Do you have a sense of what you think could work within those constraints?
If you’re taking a dollar of unsecured debt out of the system, basically you’re freeing up a $20 at a minimum and today a $30 of unencumbered asset.
So, mathematically there are plenty of things we can do if we were to take a $1 billion dollars of assets and encumber them we would have to eliminate approximately $800 million of unsecured debt. So given that as Jim said some of the debt is trading at a discount and that we still have some room in flexibility under UAUD given we are at 1.3 times and we need to maintain 1.2, there is still an ability to encumber some level of debt, although I tell you, the banks were quite focused on that. They have given us the constraint on an overall number, which we can do that.
Omotayo Okusanya - UBS
And not the 775 million number?
Omotayo Okusanya - UBS
Oh, sorry, 750. Fine thank you very much.
And that will be from line of James Shanahan with Wachovia. Please go ahead.
James Shanahan - Wachovia
Hi good morning. Thanks for taking my call. I had a question here about non performers in LTVs, how do the average last dollar in LTVs for NPLs and what those assets compare to the overall reported metrics, and relatedly how are you able to get comfortable with current LTVs in these volatile markets?
Well let me tell the process we use -- to tell you that I am comfortable with them, kind of goes back to my overall comments about what's happening to real estate value. Everyone of those assets is revalued as a function of all the current market environments that we see out there, discount rates, Cap rates, all the factors that a typical net present value depending on the product type we're taking into account. So free rent concessions, ultimate market rents achieved, we do that every time we do an NPL and then that's where the specific reserves come from.
Some NPLs actually have excess value in them. It's really more a matter of who is going to own the upside of the assets and so if a borrower is not willing to negotiate with us, then we think there's going to be a fight that can go on NPL, even though there is sufficient value to protect that. So I would tell you the overall NPL LTV is probably in the mid 90s. Now that's a function of many of the deals being at a 100% and a few deals being under a 100%, because we're just fighting about who owns the upside.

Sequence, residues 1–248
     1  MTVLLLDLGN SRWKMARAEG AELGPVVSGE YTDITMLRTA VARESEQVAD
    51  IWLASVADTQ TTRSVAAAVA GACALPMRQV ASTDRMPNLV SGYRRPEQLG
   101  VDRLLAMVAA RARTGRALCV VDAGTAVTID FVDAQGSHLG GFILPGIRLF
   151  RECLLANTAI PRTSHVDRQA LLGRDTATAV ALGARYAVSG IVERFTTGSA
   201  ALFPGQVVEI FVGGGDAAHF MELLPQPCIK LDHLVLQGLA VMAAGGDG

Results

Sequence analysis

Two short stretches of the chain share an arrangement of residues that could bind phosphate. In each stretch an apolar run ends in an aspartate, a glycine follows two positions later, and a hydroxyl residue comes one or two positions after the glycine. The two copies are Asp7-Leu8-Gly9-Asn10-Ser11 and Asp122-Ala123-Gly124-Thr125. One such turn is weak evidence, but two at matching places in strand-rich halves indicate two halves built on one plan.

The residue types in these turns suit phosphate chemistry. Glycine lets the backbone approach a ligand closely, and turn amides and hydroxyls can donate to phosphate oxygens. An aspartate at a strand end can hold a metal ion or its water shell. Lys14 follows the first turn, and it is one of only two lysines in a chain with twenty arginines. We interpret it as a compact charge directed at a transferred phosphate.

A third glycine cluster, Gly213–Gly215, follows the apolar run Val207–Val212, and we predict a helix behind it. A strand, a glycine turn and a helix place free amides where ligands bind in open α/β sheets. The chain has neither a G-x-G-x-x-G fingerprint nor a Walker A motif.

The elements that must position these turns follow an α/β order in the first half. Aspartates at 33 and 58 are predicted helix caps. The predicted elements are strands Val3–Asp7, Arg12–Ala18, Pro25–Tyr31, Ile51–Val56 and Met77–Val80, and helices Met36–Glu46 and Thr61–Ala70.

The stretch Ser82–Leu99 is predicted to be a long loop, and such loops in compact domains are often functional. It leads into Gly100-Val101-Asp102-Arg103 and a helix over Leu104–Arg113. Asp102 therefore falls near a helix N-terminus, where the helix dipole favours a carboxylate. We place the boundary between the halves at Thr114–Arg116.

I think in watchlist it's better than that but we clearly see diminishing the value events that could impact our position or we see a borrower who is destroying value as opposed to preserving value, and so we are projecting out a problem. That's probably in the high 80s. That's not a comfortable place, but in stabilized markets those should be okay. Unfortunately, we are not looking yet at a market that is stabilized.
So I think the measures we use are, if we were a buyer using the input and metrics that we see in the market today, how do we value those assets, we have confidence that we have chosen the appropriate inputs, but whether the scenarios that were choosing are the ones that come true, clearly in the last 12 month they have been worse, then we had hoped. I think we are probably going to reach a bottom at some point in 2009, value reductions are beginning to crystallize across the board. And I think our expectations are based on that kind of crystallization. But, right now we just give you the best number we can based on what we would say even going back two or three quarters ago, really had a fairly negative view of the world.
James Shanahan - Wachovia
Thanks for that. I would like to ask one additional follow up question if it’s okay. You can probably answer this question something better that I can, but I am speculating here that there is a fair amount of time and distraction involved with managing all of the public company relationships on the equity side. And kind of getting the question of, have any strategic alternatives been considered here potentially like a going private type transaction well.